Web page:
Double click to skip or rewind chapters if the device supports it, if not, this action will make the process faster.

Press up or down to control volume;

Press and hold to activate exact volume control.

The ring represents volume from 0 to max. Move your finger along the ring to adjust to the ideal volume.

Double click UP for max volume; Double click DOWN to mute.

Information Architecture

I had only came up with 5 groupings, but now the possibility is endless since my buttons are now tiny displays. If the user wishes to control more than 5 devices, the last button would turn into a “next” button.

Now, this remote allows up to 9 customizable grouping controls, and 3 layers of nesting control. There’s a limit only because I don’t want to overwhelm the user.

The graph below is an example of how this particular user set up their remote assigning which devices and preferred shortcuts they desire to control.

Final Remote interface

This remote is black with a matte finish for non-distracting screen time. The curve in the back allows for easy pick up off of any surface, and it’s charged wirelessly by any Qi-certified charging pads. Its organic shape makes it comfortable to hold. The size is small enough for a thumb to travel from bottom to top without having to reposition the remote. The index finger rest will also keep it stable in one’s hand.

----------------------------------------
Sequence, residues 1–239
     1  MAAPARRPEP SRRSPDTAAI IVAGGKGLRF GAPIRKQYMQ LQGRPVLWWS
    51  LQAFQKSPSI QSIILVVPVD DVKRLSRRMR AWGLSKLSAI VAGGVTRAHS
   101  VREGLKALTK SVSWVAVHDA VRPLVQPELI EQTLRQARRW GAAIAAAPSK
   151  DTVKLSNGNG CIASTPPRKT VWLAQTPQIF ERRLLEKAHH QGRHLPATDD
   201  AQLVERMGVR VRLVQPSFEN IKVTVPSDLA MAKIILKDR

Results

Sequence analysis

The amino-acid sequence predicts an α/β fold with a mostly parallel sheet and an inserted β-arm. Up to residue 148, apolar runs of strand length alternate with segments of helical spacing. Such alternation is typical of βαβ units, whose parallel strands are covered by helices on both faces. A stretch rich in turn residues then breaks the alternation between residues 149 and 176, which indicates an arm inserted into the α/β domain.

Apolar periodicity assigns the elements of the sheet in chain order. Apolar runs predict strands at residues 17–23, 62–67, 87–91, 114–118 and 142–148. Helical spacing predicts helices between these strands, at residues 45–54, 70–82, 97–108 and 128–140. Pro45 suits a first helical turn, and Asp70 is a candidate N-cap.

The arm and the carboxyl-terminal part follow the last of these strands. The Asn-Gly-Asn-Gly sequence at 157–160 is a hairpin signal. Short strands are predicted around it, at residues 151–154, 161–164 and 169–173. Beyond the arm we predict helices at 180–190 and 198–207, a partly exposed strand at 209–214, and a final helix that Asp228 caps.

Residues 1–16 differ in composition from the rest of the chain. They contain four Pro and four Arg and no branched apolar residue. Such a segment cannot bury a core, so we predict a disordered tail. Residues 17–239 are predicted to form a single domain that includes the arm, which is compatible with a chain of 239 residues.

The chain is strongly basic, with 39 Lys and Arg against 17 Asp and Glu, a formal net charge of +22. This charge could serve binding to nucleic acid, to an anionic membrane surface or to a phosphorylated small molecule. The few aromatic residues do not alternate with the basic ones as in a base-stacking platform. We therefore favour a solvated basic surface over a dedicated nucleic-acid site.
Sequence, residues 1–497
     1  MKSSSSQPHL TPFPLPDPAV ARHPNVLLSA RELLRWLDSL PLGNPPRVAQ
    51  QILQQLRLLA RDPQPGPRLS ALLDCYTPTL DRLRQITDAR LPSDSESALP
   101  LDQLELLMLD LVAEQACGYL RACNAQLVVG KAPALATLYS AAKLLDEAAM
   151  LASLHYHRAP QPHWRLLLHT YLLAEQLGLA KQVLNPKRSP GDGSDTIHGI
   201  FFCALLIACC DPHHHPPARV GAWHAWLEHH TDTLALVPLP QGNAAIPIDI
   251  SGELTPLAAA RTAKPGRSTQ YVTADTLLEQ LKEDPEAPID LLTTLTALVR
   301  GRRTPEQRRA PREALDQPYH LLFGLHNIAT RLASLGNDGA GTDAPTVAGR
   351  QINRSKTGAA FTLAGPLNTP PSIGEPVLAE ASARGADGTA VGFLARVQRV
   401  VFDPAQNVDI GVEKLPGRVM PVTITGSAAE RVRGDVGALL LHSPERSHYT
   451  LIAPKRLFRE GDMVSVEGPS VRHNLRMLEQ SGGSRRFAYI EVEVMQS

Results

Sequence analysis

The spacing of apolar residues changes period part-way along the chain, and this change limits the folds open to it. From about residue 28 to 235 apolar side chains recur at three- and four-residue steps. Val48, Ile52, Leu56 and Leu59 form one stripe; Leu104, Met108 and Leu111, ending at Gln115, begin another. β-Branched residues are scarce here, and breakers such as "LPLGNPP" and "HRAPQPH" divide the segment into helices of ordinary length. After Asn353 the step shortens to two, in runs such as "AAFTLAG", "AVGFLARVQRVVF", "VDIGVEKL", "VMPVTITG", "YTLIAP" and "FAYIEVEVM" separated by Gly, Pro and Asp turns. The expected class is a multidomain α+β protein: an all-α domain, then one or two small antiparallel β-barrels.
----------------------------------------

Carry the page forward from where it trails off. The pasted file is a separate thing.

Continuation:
All buttons except the power button are indented inward for comfortable touch. The navigation button ring has a glossy finish. It’s flat and raised to the surface, so a thumb can comfortably move along the circle to control volume or skip and rewind.

All displays and illumination will be turned off until it’s picked up. This remote is hard to lose because of its size and unique shape. However, if lost, its companion app will make it sing a pleasant song.

Final Comparison

The universal remotes that are currently offered in the market are too limited in capability or require the users to remember their own button setup or voice commands. Their designs are either too simplistic or too complex. Additionally, tactile sensation is important for muscle memory. My remote utilizes sleek intuitive design and fully dynamic icons and feedback that adjust based on the device you are trying to control.

Final Remote Prototype